Condo uptick in Winnipeg

The changing groups behind the demand for condos in Winnipeg

Within the mid 2010s, condo construction spiked in Winnipeg. Many different groups of consumers and different types of condos are behind this.

Kevin McDougald has lived in a condo unit in a nine-story building near the Grant Park Shopping Centre since 2001. He says he’s enjoyed the experience, despite some downsides over the years.

One drawback McDougald makes note of is the occasional heated dispute between condominium association board members.

One instance he recalls was a conflict over whether to allow hedges at the condo. He says “things got so wacky” that one board member went knocking on unit doors in the condo building to gain support for their side and put pressure on an opposing board member. The opposing board member, McDougald notes, was not pleased with this.

McDougald says reasonable prices, the fact that owners don’t need to do much maintenance and secured entrances (which often make break-ins trickier and less likely) can make condos alluring. “Plus I live on the seventh floor, so the view is very nice from up there,” he adds.

The Canada Mortgage and Housing Corporation (CMHC) measures housing starts, which are marks of when construction begins for houses in the Winnipeg Census Metropolitan Area (CMA). The CMA includes Winnipeg and some surrounding areas.

According to a 2017 CMHC report for the Winnipeg CMA, there was significant condo building from 2012 to 2015. In 2011 there were 513 starts, which jumped to 1035 starts in 2012. By 2015, condo starts levelled off, falling below the thousands.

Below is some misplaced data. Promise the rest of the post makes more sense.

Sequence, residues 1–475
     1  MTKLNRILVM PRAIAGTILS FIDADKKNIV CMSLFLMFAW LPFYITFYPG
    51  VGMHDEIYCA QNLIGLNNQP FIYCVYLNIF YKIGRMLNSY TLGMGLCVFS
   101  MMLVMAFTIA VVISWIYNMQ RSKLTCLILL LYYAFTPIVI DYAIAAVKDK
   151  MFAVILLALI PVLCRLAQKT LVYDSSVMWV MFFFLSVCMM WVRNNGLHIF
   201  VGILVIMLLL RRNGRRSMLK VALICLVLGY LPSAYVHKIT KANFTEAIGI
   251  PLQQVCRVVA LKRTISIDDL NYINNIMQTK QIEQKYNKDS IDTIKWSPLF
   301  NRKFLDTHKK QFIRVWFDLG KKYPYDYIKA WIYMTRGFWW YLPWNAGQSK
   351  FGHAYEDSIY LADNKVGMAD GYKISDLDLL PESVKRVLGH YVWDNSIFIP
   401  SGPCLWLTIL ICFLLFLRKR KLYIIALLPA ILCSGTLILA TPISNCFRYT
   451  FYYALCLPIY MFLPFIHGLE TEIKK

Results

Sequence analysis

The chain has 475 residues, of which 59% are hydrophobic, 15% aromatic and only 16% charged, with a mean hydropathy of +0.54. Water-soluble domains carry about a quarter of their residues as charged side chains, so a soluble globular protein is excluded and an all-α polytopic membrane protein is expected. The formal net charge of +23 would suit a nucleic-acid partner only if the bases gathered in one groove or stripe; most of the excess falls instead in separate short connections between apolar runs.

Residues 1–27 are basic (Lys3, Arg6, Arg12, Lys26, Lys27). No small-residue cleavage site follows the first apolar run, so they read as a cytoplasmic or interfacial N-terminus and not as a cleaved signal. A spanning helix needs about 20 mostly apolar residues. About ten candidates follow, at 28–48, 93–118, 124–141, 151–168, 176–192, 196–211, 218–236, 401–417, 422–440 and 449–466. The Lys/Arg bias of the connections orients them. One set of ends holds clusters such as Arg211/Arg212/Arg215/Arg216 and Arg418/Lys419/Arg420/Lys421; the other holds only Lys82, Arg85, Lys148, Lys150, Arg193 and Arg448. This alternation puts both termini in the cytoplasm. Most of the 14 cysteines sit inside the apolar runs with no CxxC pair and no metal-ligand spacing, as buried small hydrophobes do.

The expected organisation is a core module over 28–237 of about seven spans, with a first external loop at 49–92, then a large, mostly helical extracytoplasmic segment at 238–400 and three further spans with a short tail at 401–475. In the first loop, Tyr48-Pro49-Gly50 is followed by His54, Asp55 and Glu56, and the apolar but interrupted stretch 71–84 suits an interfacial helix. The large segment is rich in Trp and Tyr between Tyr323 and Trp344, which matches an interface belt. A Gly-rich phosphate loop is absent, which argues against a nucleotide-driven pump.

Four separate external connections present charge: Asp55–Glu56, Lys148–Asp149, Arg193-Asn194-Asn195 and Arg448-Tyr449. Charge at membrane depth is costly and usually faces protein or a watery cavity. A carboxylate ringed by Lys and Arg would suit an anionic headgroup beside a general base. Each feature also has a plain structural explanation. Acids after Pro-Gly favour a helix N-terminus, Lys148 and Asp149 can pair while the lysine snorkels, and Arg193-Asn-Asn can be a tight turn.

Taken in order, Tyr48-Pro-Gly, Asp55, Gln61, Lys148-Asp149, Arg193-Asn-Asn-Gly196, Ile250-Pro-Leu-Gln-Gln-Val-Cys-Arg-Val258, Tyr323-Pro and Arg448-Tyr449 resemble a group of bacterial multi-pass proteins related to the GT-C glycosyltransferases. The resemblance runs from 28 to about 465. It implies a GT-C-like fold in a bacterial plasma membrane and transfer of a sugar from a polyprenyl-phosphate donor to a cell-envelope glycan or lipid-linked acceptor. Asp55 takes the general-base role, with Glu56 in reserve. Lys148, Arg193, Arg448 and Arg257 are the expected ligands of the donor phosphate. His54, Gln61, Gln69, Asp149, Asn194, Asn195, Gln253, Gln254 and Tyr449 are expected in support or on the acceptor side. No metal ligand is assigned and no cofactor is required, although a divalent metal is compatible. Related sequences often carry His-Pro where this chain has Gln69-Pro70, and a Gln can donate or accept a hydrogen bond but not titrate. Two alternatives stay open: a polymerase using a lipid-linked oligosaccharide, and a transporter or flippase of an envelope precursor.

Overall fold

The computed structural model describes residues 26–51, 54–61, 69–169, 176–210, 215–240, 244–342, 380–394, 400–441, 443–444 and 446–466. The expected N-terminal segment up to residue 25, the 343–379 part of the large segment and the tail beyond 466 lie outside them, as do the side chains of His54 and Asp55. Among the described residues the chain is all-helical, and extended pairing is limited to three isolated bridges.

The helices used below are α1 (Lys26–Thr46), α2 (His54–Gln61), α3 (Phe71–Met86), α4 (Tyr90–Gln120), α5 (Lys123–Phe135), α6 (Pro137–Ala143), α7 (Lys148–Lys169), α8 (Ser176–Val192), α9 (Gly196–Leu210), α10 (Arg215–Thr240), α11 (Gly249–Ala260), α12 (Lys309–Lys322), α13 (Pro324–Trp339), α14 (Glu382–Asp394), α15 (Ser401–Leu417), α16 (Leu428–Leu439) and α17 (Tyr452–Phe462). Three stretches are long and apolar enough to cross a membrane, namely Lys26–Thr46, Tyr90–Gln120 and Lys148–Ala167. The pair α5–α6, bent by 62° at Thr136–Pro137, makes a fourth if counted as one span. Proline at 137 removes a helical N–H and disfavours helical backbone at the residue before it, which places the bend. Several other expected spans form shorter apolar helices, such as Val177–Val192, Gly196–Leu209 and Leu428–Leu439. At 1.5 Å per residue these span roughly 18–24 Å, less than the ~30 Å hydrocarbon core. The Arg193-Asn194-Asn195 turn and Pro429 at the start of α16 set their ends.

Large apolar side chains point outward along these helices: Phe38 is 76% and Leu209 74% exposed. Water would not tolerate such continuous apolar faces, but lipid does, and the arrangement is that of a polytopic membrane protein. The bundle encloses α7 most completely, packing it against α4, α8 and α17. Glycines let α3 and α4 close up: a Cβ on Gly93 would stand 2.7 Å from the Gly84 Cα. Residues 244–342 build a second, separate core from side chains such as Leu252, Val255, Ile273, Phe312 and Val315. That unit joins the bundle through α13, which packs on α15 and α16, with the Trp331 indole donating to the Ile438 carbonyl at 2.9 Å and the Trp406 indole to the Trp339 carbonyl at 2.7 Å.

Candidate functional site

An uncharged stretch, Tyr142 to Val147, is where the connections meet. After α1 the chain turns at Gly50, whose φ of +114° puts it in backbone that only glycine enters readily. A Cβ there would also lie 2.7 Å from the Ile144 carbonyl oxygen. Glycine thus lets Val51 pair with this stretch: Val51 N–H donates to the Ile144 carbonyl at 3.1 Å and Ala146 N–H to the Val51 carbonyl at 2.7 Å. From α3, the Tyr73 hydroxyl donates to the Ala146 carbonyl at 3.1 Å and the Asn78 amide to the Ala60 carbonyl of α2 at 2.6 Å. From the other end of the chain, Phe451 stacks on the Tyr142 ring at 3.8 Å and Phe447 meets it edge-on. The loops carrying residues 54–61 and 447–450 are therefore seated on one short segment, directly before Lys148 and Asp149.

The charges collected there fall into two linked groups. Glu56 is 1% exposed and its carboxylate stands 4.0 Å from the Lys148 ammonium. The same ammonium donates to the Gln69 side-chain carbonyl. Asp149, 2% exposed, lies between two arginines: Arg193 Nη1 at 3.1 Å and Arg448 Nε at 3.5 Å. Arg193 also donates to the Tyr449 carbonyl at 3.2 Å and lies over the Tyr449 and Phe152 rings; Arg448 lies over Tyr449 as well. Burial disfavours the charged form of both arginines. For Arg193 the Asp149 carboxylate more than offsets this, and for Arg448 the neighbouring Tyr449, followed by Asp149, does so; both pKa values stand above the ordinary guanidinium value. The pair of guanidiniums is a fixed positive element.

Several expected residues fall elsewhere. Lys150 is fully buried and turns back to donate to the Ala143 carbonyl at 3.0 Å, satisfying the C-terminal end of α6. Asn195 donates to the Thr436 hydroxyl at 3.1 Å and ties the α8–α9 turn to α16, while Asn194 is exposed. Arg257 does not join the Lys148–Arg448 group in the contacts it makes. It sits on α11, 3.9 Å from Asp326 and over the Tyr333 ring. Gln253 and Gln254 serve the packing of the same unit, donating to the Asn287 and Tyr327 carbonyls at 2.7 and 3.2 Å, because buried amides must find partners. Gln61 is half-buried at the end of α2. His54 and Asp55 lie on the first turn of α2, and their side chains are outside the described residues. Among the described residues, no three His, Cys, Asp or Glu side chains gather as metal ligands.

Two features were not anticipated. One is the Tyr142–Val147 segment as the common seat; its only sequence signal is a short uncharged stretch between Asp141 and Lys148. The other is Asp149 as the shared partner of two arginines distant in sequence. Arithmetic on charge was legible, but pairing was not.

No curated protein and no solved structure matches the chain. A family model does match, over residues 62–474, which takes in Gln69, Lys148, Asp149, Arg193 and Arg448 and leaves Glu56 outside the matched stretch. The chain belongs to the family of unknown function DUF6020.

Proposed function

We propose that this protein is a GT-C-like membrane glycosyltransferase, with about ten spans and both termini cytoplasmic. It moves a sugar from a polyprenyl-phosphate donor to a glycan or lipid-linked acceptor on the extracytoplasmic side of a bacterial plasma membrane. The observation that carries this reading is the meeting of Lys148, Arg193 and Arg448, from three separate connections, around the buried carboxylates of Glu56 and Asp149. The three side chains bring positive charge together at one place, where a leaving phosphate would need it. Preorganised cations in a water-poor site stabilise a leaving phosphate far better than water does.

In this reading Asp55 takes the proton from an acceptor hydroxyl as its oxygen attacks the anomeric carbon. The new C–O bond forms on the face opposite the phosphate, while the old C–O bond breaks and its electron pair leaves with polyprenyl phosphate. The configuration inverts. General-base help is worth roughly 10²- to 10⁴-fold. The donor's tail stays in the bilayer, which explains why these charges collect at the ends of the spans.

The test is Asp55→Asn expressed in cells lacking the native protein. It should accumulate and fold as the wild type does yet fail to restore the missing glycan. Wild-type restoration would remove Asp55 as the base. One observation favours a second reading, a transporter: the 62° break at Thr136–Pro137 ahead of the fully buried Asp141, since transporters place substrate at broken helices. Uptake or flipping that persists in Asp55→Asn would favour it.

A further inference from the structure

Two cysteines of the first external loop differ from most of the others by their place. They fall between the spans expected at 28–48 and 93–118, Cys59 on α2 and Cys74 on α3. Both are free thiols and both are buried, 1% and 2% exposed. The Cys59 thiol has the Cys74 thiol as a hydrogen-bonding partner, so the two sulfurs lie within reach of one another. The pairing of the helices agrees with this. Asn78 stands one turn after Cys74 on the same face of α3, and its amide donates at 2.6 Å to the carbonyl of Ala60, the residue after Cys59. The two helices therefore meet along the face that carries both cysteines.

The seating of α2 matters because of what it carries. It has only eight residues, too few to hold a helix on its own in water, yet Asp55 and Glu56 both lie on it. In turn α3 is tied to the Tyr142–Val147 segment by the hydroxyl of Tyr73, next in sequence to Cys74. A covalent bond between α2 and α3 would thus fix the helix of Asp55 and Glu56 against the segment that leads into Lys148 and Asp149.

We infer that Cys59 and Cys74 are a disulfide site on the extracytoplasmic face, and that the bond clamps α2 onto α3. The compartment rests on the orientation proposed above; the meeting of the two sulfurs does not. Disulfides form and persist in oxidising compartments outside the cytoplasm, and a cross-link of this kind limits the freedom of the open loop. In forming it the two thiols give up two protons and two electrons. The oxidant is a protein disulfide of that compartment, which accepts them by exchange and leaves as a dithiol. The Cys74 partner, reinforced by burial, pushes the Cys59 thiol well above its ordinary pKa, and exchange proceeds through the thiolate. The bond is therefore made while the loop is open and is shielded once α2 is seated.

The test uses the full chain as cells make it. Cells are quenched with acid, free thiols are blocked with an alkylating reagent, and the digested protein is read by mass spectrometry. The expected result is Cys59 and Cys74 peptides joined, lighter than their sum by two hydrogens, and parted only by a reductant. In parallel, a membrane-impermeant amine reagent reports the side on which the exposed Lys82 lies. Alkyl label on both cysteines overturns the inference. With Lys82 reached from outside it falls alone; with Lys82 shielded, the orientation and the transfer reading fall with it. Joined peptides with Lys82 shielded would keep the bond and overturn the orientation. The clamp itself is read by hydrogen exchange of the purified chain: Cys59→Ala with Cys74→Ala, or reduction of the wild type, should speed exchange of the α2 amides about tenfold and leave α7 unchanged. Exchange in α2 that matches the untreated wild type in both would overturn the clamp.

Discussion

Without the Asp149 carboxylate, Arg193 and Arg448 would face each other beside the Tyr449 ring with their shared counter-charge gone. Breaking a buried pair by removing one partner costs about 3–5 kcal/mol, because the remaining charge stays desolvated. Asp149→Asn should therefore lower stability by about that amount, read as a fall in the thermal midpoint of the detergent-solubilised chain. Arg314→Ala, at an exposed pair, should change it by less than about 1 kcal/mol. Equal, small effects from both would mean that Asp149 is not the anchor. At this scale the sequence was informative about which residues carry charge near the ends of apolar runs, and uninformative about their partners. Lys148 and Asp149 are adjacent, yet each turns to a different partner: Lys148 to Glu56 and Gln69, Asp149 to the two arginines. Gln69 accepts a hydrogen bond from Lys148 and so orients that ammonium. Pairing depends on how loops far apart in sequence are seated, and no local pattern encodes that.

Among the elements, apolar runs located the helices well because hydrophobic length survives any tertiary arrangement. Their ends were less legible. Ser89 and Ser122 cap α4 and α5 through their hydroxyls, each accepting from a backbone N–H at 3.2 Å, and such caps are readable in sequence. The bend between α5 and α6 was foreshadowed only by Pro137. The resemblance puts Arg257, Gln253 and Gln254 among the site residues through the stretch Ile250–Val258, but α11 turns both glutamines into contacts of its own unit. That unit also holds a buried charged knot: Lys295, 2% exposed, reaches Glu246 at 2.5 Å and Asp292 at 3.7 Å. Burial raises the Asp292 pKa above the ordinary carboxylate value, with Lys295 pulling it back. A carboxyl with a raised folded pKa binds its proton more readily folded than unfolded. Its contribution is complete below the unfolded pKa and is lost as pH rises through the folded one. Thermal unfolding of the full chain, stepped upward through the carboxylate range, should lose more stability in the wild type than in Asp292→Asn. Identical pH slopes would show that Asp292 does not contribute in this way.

Heather Bowyer is a senior market analyst with the CMHC in Winnipeg.

“There is a lot of (condo building) activity in the southwestern area of the city, “ Bowyer says. She says downtown Winnipeg is another part of the city experiencing considerable condo building.

Two projects in Winnipeg that will increase the condo stock in Winnipeg are the Jubilee Winnipeg, formerly The Yards at Fort Rouge, and True North Square developments. Jubilee Winnipeg is scheduled to be completed this year. It was approved by Winnipeg City Council in 2010 and is near a stretch of the Southwest Rapid Transit Corridor. True North Square, scheduled to be finished by 2020, is in downtown Winnipeg and will include 130 condo units.

Blair Sonnichsen is president of the WinnipegREALTORS Association. He believes reasonable monthly utility costs, low maintenance and proximity to public transportation are drawing people to the condo market.
The CMHC notes that condos are a type of ownership, rather than a specific building type. This means there are many types of condos aside from high-rise, apartment-style condos.

Sonnichsen notes that different types of condos include apartment-style condos, townhouse-style condos and bungalow condos. He says townhouse-style condos can attract young families, bungalow condos often attract retiring families, and apartment-style condos tend to attract single people and “empty-nesters”, as well as other groups.

McDougald, who is in his 40s, says he’s noticed a shift in the demographics in the high-rise condo building he lives in.

“We’re also seeing some younger people moving in. When I first moved in, it was three-quarters seniors in that building, probably. There are still some around, but we’ve also seen some younger people move in and some single, middle-aged professionals,” he says.

“We have a very balanced market,” Sonnichsen says.

Published in Volume 72, Number 4 of The Uniter (September 28, 2017)

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